• Track compute & memory usage: The Sumo Logic app tracks compute performance of individual Lambda functions and lets you drill down to the details. This is important because you configure resources in your code, and you need visibility at the individual function level to ensure all processes have adequate resources.
  • Cost correlation: The Sumo Logic app translates granular performance data to actual billed costs. It lets you track usage of memory, and even excess memory in functions, and prevents overspending. It enables you to split expense across multiple teams if you need to. Based on past behavior, the app can even predict future performance and spend.
  • Integrated reporting: If you already use Sumo Logic to monitor and manage the rest of your infrastructure stack, you can bring it all in one place, and have realistic benchmarks for your Lambda usage.
  • Real-time stats: The data in your Sumo Logic dashboards streams in real-time from AWS, so you never have to worry about seeing outdated information.
  • Advanced visualizations: Sumo Logic lets you slice and dice your data with advanced analytics tools. The dashboards contain various chart types, including advanced types like the box plot chart. This kind of analysis is simply not possible within AWS.

Sumo Logic Lambda monitoring dashboard

As you scale your usage of Lambda, you need deep monitoring that can correlate compute usage with costs. You’re used to having control and visibility over your server-driven apps using traditional monitoring tools. With Lambda, the approach to monitoring has changed, but your goals are the same—to gain visibility and efficiency into your app and the abstracted Lambda infrastructure. You need the right tools to enable this kind of monitoring.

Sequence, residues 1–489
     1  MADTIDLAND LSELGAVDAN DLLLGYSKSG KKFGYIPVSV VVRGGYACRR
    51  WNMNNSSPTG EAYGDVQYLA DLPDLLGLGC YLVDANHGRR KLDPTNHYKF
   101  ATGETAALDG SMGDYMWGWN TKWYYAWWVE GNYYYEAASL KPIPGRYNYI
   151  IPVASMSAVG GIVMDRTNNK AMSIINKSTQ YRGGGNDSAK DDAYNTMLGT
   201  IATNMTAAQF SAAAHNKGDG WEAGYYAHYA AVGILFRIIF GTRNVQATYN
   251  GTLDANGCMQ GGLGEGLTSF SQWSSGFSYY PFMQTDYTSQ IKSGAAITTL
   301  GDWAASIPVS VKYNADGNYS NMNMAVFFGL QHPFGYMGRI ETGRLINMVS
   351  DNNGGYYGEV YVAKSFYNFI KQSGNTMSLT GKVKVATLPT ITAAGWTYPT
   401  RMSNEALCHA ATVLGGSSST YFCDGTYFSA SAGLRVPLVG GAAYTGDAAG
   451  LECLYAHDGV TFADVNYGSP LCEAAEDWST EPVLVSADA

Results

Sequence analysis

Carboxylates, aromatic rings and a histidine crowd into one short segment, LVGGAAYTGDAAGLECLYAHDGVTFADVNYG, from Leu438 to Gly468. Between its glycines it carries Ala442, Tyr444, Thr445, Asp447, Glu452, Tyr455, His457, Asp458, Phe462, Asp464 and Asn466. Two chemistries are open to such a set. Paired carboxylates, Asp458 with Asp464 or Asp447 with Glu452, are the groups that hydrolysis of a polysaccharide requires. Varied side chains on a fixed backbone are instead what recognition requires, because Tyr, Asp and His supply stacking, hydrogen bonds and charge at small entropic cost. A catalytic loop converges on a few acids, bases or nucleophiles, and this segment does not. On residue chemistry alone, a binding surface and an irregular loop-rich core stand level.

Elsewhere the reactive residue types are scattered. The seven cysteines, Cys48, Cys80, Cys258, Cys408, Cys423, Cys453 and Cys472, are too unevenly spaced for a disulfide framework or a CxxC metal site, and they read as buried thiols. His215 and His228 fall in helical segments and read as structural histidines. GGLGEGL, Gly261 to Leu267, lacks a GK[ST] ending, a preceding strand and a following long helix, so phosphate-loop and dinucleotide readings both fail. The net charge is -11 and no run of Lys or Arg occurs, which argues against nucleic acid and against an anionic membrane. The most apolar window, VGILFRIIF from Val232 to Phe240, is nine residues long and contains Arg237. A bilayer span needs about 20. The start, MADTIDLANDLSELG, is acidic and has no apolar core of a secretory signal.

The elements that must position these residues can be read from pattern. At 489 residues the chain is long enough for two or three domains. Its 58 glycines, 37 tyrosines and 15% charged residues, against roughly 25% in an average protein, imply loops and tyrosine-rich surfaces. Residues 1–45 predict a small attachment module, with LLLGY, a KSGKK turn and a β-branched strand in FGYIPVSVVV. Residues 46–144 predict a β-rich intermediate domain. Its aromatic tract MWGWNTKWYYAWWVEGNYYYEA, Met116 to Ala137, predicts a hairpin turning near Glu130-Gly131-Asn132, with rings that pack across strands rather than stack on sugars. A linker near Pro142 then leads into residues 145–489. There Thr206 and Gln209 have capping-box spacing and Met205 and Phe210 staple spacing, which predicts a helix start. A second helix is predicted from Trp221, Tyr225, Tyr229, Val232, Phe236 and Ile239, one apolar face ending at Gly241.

About the Author

Twain began his career at Google, where, among other things, he was involved in technical support for the AdWords team. Today, as a technology journalist he helps IT magazines, and startups change the way teams build and ship applications.

Overview of AWS Lambda Monitoring is published by the Sumo Logic DevOps Community. If you’d like to learn more or contribute, visit devops.sumologic.com. Also, be sure to check out Sumo Logic Developers for free tools and code that will enable you to monitor and troubleshoot applications from code to production.

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Twain Taylor

Twain Taylor

Twain Taylor is a member of the Sumo Logic Community. Twain began his career at Google, where, among other things, he was involved in technical support for the AdWords team. His work involved reviewing stack traces, and resolving issues affecting both customers and the Support team, and handling escalations. Later, he built branded social media applications, and automation scripts to help startups better manage their marketing operations. Today, as a technology journalist he helps IT magazines, and startups change the way teams build and ship applications.

More posts by Twain Taylor.